I know there are points for each chess piece, but is there a way to - imprecisely, for sure - measure/point chess moves?

  • @BlueRaja-DannyPflughoeft Your answer was very good, but this other has more to do with my question. I'm not trying to get better at chess, I want to make a game with similarities with chess, so to know how the computer points moves is what I need, and the other user provided more info towards this and a link with more.
    – Roberto
    Mar 22, 2012 at 14:40

3 Answers 3


Sure, that's how computer engines work.

For instance, if you start up ChessMaster and hit ctrl+m ("mentor"), it will give you a list of all the moves, and how the chess engine rates each of them.

How it works is that the engine looks as far as it can for every move, assuming best play for both sides, and rates the final position. That final position's rating is the value of the move.

To rate the position, the computer looks at material, space, pawn-structure, king-safety, known patterns and endgames, etc. etc. - basically, all the same things a human looks at, but the computer's not as good at it, because this is pattern matching, something computers are notoriously bad at. The only reason computers can beat humans is that the computer can see so far ahead so fast, and never makes mistakes.

Thus, looking a computer's rating of different moves might help settle an argument, or help point out mistakes in your games after-the-fact, but learning how computers rate positions is not going to help you get better.

  • As you said, each possible move gets evaluated, and "Penalty" is calculated assuming opponent will play his best moves (with less penalty), and it goes many moves deep, the more deep it goes the better will be the accuracy of "Penalty" calculation.
    – Vishalgiri
    Aug 23, 2012 at 5:21


Pawn = 1 point

Bishop and knight = 3 points

Rooks = 5 points

Queen = 9 points

But computers use a slightly more complicated way to count points.

Pawns, depending how many there are on the board (close or open position), depending on which file they are positioned, if they are passed pawns, if they are connected and on which rank they are, in endgame or opening, can have a relative value of 0,90 points to 3,5 points!

Bishops can have a better value than knights if the position is open and / or both bishops are on the board.

Queen and Rooks can have a slightly lower value if the position is closed while knights are worth more.

That's why some exchanges (knight for a bishop for example) are better for one or the other player.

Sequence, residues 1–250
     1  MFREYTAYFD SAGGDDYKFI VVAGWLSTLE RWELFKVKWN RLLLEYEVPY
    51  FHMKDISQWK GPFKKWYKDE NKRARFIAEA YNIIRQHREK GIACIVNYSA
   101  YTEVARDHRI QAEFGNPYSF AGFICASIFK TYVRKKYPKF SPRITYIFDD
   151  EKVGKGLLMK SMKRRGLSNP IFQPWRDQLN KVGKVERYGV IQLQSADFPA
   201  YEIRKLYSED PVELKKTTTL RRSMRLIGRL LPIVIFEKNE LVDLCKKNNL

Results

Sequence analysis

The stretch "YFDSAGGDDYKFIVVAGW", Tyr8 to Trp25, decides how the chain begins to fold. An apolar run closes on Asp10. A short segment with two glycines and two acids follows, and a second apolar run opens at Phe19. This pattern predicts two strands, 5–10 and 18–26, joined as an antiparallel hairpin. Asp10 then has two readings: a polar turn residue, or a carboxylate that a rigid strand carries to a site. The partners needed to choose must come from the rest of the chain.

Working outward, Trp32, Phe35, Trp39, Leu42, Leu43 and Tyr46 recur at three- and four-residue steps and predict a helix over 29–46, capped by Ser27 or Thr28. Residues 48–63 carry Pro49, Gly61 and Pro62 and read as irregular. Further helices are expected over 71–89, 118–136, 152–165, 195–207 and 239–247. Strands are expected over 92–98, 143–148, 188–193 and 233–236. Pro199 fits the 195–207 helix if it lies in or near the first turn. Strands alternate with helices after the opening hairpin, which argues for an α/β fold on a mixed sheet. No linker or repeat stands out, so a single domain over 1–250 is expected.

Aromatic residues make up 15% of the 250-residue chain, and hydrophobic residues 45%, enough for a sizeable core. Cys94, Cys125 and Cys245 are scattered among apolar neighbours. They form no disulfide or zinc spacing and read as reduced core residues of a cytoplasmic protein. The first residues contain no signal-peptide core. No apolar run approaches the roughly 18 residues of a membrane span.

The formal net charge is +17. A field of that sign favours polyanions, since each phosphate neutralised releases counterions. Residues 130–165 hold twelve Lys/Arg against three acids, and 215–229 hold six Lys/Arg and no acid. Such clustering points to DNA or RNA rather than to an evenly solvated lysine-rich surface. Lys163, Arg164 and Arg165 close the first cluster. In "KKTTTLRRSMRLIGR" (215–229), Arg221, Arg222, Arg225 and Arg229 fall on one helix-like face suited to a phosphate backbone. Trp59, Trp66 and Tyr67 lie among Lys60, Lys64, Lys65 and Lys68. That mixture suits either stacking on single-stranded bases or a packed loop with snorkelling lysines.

Points (decimal points) will vary more or less depending on the chess engine.

More details...

  • 3
    The question was about chess moves, not chess pieces. Jun 27, 2011 at 18:39
  • @Paŭlo Ebermann: Have you read the answer? I'm talking about positions. The computer evaluates positions after a move. hint: look at the bold words...
    – user545
    Jun 28, 2011 at 0:28
  • Sorry, it was not totally obvious to me how to get from points for pieces (depending on situation) to points for moves. Maybe add something like Summing up the (situation-dependent) values of the pieces gives a value for the position, and then one could give points for moves as the difference between the values of the positions after and before the move. (better worded, and adapted to the real facts). Jun 28, 2011 at 0:47

I add points for movements of PIECES:

For instance, a rook is normally worth five points. But if has been moved to the "seventh" rank, (next to the opponents' pawns), I consider it a SIX point rook.

A "bishop pair," in an OPEN position against two knights or a bishop and a knight is worth more like SEVEN points, rather than six.

A knight is usually worth three points. But if it has found an outpost at say, e4, e5, or e6, maybe f5 or f6, in a "hole" from which it cannot be dislodged, it is a FOUR point knight.

A pawn is usually worth one point. But if has moved to a square past opponents' pawns so that it is a "passed" pawn, it is worth TWO points.

These are all significant advantages, enough to win a game BY THEMSELVES, even if everything ELSE is equal. Basically, you're an extra "point" ahead.

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